Neither is it the only relationship that makes sense to check. The partnership between your cartridge and preamp is equally significant. The performance of your cartridge breaks down into a number of variables- output, capacitance and impedance. These will always be supplied by the manufacturer in the specifications they provide and if you have a moving magnet cartridge they generally adhere to a fixed standard that makes choosing a preamp a simpler business. If you do have the ability to fine tune the input settings for your preamp to better match the cartridge though, you can unlock quite surprising levels of performance from the same basic hardware. Even if you can't adjust the settings, you can do some sensible things to help performance along. The impedance and capacitance of a cartridge will change the longer the cumulative length of cable between it and the preamp so don't have cables any longer than you actually need for the task.
The numbers game doesn't end there either. Nothing will top the relationship between your speakers and your room for critical relationships but its relationship with your amplifier has considerable importance and breaks down into a few categories. Slightly counter intuitively, the figure that actually doesn't make a huge amount of difference is the maximum power of the amplifier and the maximum power handling of the speakers. Unless the power you need to hit your preferred listening level is above the rated power handling of the speakers (and if it is, somewhere your system construction is seriously amiss), this is a non issue.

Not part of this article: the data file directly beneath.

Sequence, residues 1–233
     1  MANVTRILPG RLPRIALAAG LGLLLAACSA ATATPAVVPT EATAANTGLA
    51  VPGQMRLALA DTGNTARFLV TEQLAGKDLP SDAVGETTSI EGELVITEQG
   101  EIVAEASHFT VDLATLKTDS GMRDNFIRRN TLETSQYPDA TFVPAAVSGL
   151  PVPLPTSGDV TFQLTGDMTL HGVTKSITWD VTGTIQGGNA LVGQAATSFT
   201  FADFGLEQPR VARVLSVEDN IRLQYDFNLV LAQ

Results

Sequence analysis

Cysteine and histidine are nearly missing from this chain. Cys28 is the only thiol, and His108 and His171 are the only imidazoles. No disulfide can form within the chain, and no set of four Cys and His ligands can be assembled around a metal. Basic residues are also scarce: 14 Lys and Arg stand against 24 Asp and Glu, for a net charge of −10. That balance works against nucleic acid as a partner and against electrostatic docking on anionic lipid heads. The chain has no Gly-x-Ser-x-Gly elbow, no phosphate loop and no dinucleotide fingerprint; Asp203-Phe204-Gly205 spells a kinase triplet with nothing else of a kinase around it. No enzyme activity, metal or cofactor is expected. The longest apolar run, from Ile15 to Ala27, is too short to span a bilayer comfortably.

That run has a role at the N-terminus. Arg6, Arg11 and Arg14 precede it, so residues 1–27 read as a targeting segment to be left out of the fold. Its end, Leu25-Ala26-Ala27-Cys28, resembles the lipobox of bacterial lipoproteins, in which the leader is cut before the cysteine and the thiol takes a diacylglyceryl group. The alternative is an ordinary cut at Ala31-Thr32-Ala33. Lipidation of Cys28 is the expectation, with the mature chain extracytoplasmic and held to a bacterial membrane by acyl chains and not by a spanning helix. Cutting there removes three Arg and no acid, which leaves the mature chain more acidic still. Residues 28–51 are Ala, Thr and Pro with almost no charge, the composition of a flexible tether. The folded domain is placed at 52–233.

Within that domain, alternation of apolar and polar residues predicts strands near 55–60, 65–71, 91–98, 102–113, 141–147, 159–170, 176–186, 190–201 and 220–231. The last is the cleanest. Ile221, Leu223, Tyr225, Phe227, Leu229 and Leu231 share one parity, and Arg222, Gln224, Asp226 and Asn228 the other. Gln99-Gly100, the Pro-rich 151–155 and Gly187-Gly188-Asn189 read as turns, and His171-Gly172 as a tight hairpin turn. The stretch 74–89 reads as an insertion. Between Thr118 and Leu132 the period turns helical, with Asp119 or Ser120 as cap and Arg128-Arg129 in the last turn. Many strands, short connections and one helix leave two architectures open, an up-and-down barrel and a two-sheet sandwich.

What might surprise you even more is that using an amplifier with a low power output- well inside the notional maximum handling of your speakers- can be more damaging than overpowering them. If you exceed the designed performance envelope of an amplifier, it will start to distort and distortion kills speakers far more readily than overpowering them with an amp that is not suffering from distortion while it does so. Some time ago, I used the perfectly nonsensical combination of a pair of Audio Note speakers designed for low power valve amps with a monstrous Musical Fidelity integrated amp that had no less than 500 watts of power at its disposal. Despite a notional overload potential of about 600%, the combination worked well and nothing blew up.
There are also some other useful numbers to judge the relationship between your amp and your speakers. If you speakers have an impedance rating of four ohms, you need to make sure that firstly your amp is able to work at four ohms to avoid smoke and failure and secondly it pays to check if the amp is able to workwellat four ohms. Does the power output increase into four ohms? In a perfect world, it should double but on a more prosaic level, an increase of 25-30% over the eight ohm figure is desirable as it suggests the power supply arrangements are up to the job.
The sensitivity of the speakers is also important. The figure you see quoted is the output of the speaker when given one watt of power with a pink noise signal- so for example 88dB/w- 88 decibels on one watt of power. The higher this figure, the less power you will need which can be helpful with amps of lower output like valve designs.
All this can look seriously intimidating but the reality of it is that these relationships are straightforward calculations between two sets of figures that almost all manufacturers supply. There is also no shortage of help available online- including on our very own forums- and from dealers. If you take a few minutes before you buy products to check that it is going to fit in with the performance of your existing equipment, it can be the difference between 'hmm' and 'wow.' Numbers make the universe work but in this specific instance, they can rock your world too.